Crelinsten describes the criminal justice model and balances his arguments by providing several limitations inherent in it. Perhaps the most important of such limitations is illustrated through the post-11 September ‘Padilla Case,’ where US citizen Jose Padilla was detained for three years without due process and held as an enemy combatant. Through this case, Crelinsten highlighted some of the consequences to civil society criminalising terrorism may produce. In the second model of coercive counterterrorism, the war model, Crelinsten continued his examination using historical, empirical data, which benefits readers, by adding an important, almost human dimension to the theoretical treatment of counterterrorism. Crelinsten notes that “(t)he war model is considered quick, effective, and ideally suited to the new kinds of threat posed by decentralized, ideologically driven terrorist networks whose adherents are not deterred by traditional criminal justice or contained by traditional military power” (p. 77). Both the war model and the criminal justice model are limited, though each offers some advantages in combating terrorism and Crelinsten duly notes that there is a tendency for these models to blur into each other and create a kind of hybrid model of coercive counterterrorism.

‘Proactive counterterrorism’ serves as the basis of the third chapter. This form of counterterrorism aims to prevent acts of terrorism before they occur. This chapter mainly focuses on the particular challenges countering ‘secret plots,’ conspiracies, and activities poses for the police, security services, and the military while serving intelligence functions, including the financing of terrorism and the problems connected to it. The criminal justice model is re-examined in this chapter, but here the focus is on models of policing (reactive and proactive). According to Crelinsten “(r)eactive policing is related to crime solving, while proactive policing is related to crime detection. In this sense, then, proactive policing is very similar to security intelligence …” (p. 90).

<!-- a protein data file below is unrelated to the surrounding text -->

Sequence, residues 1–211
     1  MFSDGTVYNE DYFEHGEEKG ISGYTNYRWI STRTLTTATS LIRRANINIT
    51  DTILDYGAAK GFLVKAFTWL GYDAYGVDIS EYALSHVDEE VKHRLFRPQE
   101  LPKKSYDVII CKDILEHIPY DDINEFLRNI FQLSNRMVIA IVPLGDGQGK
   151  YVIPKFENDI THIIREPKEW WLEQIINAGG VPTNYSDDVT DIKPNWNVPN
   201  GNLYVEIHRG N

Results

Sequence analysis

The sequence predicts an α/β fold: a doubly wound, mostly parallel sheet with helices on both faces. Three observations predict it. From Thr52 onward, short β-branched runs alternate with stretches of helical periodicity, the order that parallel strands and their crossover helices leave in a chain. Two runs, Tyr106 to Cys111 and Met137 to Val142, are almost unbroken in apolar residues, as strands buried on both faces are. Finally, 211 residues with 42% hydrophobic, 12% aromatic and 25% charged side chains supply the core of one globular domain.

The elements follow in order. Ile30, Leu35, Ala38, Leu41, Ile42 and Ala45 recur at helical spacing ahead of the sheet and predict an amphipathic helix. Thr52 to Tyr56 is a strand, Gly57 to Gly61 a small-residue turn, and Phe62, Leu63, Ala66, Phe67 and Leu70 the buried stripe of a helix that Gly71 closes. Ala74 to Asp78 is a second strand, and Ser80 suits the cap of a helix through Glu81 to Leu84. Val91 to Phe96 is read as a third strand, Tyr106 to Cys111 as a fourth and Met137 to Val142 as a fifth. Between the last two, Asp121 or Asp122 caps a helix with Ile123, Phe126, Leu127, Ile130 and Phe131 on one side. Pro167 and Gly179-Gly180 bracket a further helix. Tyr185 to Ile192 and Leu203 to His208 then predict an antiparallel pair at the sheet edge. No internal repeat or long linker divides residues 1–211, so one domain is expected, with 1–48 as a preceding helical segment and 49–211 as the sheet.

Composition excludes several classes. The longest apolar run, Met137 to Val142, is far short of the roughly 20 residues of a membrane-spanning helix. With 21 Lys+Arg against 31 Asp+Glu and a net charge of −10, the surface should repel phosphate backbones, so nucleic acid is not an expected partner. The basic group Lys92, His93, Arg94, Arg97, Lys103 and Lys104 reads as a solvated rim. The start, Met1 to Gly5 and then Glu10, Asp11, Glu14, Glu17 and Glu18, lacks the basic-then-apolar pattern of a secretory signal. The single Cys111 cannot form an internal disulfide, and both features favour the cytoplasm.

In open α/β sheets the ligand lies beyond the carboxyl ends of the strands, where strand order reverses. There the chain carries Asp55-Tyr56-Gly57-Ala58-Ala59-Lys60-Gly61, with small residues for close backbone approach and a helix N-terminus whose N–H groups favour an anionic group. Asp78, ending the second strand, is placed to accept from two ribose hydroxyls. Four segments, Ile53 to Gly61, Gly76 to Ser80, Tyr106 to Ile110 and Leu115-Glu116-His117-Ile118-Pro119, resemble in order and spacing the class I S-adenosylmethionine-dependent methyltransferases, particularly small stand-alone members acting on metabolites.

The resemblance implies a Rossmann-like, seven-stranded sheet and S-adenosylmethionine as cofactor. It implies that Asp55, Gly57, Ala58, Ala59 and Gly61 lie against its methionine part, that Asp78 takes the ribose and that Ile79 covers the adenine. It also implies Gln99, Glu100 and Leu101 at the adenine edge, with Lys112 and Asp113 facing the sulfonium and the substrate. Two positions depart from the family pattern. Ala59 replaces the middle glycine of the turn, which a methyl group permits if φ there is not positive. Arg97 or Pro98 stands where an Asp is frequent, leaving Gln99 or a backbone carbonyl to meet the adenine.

Another approach developed by Crelinsten is termed ‘persuasive counterter¬rorism’ which relies on deterrence and pre-emption. In other words, deterring potential terrorists from carrying out their attacks by raising and utilising pressure points. Where such pressures are not available or deterrence unable to be extended to terrorist groups – perhaps because of their apocalyptical nature – preemption may be prioritised.

This chapter also concentrates on the communicative dimension of the struggle between terrorists and counterterrorists. In this, terrorism is viewed as “a communicative strategy designed to propagate specific messages to a variety of different audiences using a combination of coercion (threat, violence and terror) and persuasion (explicit or implicit demands)” (p. 122). And coun¬terterrorism – together with terrorism – is the combination of persuasion and coercion. Therefore, deterrence, as a primary form of persuasion is examined in connection to the criminal justice model, but also in context of the war model. This chapter examines the possibility of changing the perceptions and attitudes of terrorists and their supporters, though goes a step further to insinuate that the constituencies of counterterrorists, typically comprised of citizens who perceive threat by terrorism, also to reflect on their actions.

The fifth chapter delves into ‘defensive counterterrorism’ which concentrates on a variety of measures which can be used not to dissuade a terrorist attack but rather the defensive approach operates with the idea that there exist some kinds of terrorist attacks which are inevitable; therefore preparations – on local, national and international levels – must be conducted as a matter of necessity. The final substantive chapter deals with long-term counterterrorism efforts. The chapter focuses on the activities, and initiatives, which do not operate within short spans of time and which do not require the quick return of investments of money, power or time. This chapter emphasises the root causes of terrorism and provides a compelling depiction of them. The argument that poverty and/or personality are not the main factors leading to use of terrorist methods is extremely insightful. As Crelinsten mentions “(t)he majority of poor people are not terrorists, there is no terrorist personality, and the gap between the rich and poor, the haves and the have-nots, is not, in and of itself, a necessary precondition for terrorism” (p. 198). However, the distribution of key resources, the penetration of external powers, the promotion of free-trade and/or socio-political and economic dependency still matter, and should be included, evaluated and discussed in debates concerning counterterrorism.

Crelinsten’s contribution enriches the theoretical and practical horizons of his readers. It is a clear, analytical and conceptually relevant book which offers the full spectrum of counterterrorism efforts in the contemporary international relations environment while constructing a much-needed bridge between terrorism and counterterrorism. This book is highly recommended to academics (researchers and students), policy makers, and the interested public and is a must-read for those who wish to clear away the ambiguities surrounding terrorism and the many engaged to prevent it